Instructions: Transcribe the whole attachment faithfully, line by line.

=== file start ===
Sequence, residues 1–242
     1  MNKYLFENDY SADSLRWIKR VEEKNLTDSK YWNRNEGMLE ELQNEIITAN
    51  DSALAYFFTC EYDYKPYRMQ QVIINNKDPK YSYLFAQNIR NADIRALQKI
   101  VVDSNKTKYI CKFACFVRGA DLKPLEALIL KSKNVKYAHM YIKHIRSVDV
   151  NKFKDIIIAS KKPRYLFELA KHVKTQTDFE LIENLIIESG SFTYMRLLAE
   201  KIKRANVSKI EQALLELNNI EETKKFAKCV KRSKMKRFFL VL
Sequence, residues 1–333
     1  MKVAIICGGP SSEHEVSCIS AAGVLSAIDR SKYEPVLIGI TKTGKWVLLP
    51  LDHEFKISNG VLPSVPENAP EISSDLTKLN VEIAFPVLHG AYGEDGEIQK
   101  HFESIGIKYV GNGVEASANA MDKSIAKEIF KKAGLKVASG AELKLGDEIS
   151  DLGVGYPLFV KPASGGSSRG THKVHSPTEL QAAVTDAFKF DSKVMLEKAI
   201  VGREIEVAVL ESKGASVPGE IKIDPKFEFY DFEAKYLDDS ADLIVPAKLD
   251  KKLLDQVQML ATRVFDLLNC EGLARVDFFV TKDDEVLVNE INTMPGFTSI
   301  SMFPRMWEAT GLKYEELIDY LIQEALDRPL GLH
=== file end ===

Sequence, residues 1–242
     1  MNKYLFENDY SADSLRWIKR VEEKNLTDSK YWNRNEGMLE ELQNEIITAN
    51  DSALAYFFTC EYDYKPYRMQ QVIINNKDPK YSYLFAQNIR NADIRALQKI
   101  VVDSNKTKYI CKFACFVRGA DLKPLEALIL KSKNVKYAHM YIKHIRSVDV
   151  NKFKDIIIAS KKPRYLFELA KHVKTQTDFE LIENLIIESG SFTYMRLLAE
   201  KIKRANVSKI EQALLELNNI EETKKFAKCV KRSKMKRFFL VL
Sequence, residues 1–333
     1  MKVAIICGGP SSEHEVSCIS AAGVLSAIDR SKYEPVLIGI TKTGKWVLLP
    51  LDHEFKISNG VLPSVPENAP EISSDLTKLN VEIAFPVLHG AYGEDGEIQK
   101  HFESIGIKYV GNGVEASANA MDKSIAKEIF KKAGLKVASG AELKLGDEIS
   151  DLGVGYPLFV KPASGGSSRG THKVHSPTEL QAAVTDAFKF DSKVMLEKAI
   201  VGREIEVAVL ESKGASVPGE IKIDPKFEFY DFEAKYLDDS ADLIVPAKLD
   251  KKLLDQVQML ATRVFDLLNC EGLARVDFFV TKDDEVLVNE INTMPGFTSI
   301  SMFPRMWEAT GLKYEELIDY LIQEALDRPL GLH